Rewarding farmers for biodiversity initiatives

Rewarding farmers for biodiversity initiatives

There’s been a lot of talk in the media, from various government spokespeople, and on tractors and utes around the country, about how farmers might be able earn additional income from planting trees both for biodiversity outcomes as well as carbon credits. 

While it may be difficult to see the forest for those trees, one thing is crystal clear: Minister for Agriculture David Littleproud is on a mission to reward Australian farmers for their agricultural stewardship of the land with a world-first scheme that measures and rewards biodiversity improvements alongside carbon abatement. 

Recognising that agricultural land managers are responsible for managing 58 per cent of the Australian landmass, the federal government has budgeted $66.1 million for its Agriculture Biodiversity Stewardship Package, which it is developing in partnership with the Australian National University (ANU), the National Farmers’ Federation (NFF) and Natural Resource Management (NRM) organisations to trial pilot projects, develop market arrangements, and kick start private investment in farm biodiversity.

It’s a tightrope act to create an environment policy that’s appealing and accessible to farmers while not aggravating Coalition MPs that have generally been opposed to emissions-reduction initiatives. However, the Minister believes that farmers have already done the heavy lifting because they know their profit and loss is tied to the health of their land. 

“It’s not about locking up productive land but about rewarding farmers for the management and rejuvenation of unproductive land”

Minister for Agriculture David Littleproud
Minister for Agriculture David Littleproud.

He believes this is an opportunity for farmers to make additional money that could be paid by big corporations, which are increasingly focused not only on reducing their carbon emissions but also on augmenting their social license through good news stories about investment in biodiversity and natural capital. To that end, the Minister has been in discussions with the Business Council of Australia about the viability of creating a biodiversity market similar to the carbon market.

His Agriculture Biodiversity Stewardship legislation was tabled in parliament in February. It’s been a very tight turnaround in this election year and there are some concerns that mistakes will be made, however there is clearly a lot of momentum to make things happen.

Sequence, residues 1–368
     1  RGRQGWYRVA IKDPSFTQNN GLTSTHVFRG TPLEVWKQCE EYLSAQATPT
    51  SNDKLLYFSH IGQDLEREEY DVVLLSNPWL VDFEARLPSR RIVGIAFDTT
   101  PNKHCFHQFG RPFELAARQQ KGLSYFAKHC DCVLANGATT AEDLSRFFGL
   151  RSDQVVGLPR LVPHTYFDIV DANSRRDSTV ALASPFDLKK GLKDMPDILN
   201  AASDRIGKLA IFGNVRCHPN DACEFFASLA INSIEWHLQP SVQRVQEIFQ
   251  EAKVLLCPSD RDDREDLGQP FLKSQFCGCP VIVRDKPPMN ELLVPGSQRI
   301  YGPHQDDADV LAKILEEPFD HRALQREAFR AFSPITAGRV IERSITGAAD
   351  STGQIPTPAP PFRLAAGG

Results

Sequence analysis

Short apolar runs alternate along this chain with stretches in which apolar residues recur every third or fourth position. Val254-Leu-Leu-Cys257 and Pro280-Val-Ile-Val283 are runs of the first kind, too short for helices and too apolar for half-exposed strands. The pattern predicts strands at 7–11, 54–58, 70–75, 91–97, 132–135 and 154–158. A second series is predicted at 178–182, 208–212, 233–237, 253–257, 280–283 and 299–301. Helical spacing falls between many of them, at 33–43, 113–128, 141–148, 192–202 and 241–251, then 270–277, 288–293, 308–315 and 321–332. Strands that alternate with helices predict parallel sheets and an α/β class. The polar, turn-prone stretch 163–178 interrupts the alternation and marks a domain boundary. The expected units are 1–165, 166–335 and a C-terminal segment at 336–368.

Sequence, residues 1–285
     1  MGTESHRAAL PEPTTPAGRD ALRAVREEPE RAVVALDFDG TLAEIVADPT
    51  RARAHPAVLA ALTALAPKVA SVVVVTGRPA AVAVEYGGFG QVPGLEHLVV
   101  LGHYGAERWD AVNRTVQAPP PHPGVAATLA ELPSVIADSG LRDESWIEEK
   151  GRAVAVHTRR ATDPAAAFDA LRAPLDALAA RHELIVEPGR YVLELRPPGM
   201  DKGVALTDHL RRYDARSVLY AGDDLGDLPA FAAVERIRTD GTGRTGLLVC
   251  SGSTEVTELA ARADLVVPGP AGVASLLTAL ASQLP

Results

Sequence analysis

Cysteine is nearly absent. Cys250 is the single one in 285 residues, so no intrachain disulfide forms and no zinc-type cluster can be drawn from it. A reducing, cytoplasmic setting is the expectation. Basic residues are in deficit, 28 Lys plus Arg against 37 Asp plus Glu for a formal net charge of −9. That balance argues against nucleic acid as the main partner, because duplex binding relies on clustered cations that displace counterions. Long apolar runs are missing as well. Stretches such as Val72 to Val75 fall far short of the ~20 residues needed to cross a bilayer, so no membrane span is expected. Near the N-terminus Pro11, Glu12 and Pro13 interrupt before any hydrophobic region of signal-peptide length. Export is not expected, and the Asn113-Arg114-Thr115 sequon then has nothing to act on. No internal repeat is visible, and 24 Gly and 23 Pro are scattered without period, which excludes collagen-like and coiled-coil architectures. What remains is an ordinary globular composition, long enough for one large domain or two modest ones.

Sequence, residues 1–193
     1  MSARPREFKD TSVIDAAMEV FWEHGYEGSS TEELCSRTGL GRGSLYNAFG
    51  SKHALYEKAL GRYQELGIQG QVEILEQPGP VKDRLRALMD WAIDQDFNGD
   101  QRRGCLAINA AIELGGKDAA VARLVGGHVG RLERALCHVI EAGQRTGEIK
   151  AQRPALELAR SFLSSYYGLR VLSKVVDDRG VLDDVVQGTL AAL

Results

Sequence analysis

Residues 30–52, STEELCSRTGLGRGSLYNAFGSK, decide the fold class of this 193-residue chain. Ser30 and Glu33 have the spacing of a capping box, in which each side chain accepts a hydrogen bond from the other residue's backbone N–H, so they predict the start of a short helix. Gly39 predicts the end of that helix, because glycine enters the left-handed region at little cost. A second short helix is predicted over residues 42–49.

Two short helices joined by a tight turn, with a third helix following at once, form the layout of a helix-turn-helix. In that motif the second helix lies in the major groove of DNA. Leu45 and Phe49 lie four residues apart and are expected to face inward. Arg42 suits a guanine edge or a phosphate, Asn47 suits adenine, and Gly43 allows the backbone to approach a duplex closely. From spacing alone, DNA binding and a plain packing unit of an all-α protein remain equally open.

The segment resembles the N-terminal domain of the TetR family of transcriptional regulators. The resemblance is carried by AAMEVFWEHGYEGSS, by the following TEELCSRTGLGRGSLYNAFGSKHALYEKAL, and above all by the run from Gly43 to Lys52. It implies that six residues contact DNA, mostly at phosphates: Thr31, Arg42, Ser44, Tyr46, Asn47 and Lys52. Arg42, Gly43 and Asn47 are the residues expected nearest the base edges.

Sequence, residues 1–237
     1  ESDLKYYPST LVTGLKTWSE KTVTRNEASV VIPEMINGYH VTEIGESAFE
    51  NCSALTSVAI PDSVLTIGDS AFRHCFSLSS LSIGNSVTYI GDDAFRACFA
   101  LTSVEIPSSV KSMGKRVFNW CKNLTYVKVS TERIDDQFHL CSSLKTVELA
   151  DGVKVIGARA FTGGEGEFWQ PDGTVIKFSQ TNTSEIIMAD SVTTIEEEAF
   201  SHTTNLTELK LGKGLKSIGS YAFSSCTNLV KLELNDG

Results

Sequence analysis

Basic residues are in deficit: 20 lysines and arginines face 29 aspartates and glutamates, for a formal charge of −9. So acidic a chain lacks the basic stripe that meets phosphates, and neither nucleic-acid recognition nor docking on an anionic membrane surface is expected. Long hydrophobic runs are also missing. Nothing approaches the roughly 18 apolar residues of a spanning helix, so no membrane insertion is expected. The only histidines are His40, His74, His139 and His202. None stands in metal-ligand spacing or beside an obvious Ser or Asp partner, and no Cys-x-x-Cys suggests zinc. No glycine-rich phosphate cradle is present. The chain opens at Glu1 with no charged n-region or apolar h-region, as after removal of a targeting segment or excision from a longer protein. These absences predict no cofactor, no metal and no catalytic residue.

“It’s really important for farmers to look at the legislative framework being constructed by the Department of Agriculture, Water and Environment (DAWE),” says Warwick Ragg, General Manager Natural Resource Management at the NFF and the key NFF negotiator on this legislation. 

“Minister Littleproud is driving this initiative and there are some exciting opportunities on the horizon. Everybody involved in agriculture should understand the issues and start thinking about getting engaged. 

“At the same time, it’s worth noting what the Agricultural Biodiversity Stewardship Package is and what it is not. The program is completely voluntary, not compulsory, and it’s nothing to be scared about. It’s not an additional compliance program and farmers will not have to unwillingly expose their process to the world.”

Warwick Ragg, General Manager Natural Resource Management at the NFF and the key NFF negotiator on this legislation. 
Endemic gum-tree forest around Lake Parramatta in Sydney West.

“The government is doing good work here. It’s not perfect, but things are moving in the right direction. It has arranged for consultants to go out and talk to the community, identify the problems, and test potential solutions with various trials. Obviously, some things get lost in the bureaucratic process, but the government is at least being transparent about how it’s going about fostering biodiversity.”

In their approach to the legislation, the NFF is taking a big-picture view to seek to ensure that Australian agriculture on a national level is verifiably sustainable both to minimise lending restrictions from financial institutions and to minimise export risks if Australian farmers have not complied with increasingly stringent international market requirements for clean, green products.

“In five years, these sorts of agricultural environmental standards are likely to be de rigueur,” says Ragg. “This is a rapidly changing landscape and, although this may be difficult to process, it’s worth being ahead of the curve.”

The stewardship package in a nutshell

The package, which is a multi-stage process being developed by experts from the College of Law and Fenner School of Environment and Society at ANU, is complex with lots of moving parts. To get an understanding of the current state of play, here is a snapshot of each element.

There are two rounds of Carbon + Biodiversity Pilots in six different National Resource Management (NRM) regions around the country. For NSW, Round One took place in the Central West. Round Two is currently underway in the Riverina.

This world-first program offers farmers two revenue streams: biodiversity payments up front and the opportunity to earn income down the track by selling Australian Carbon Credit Units (ACCUs).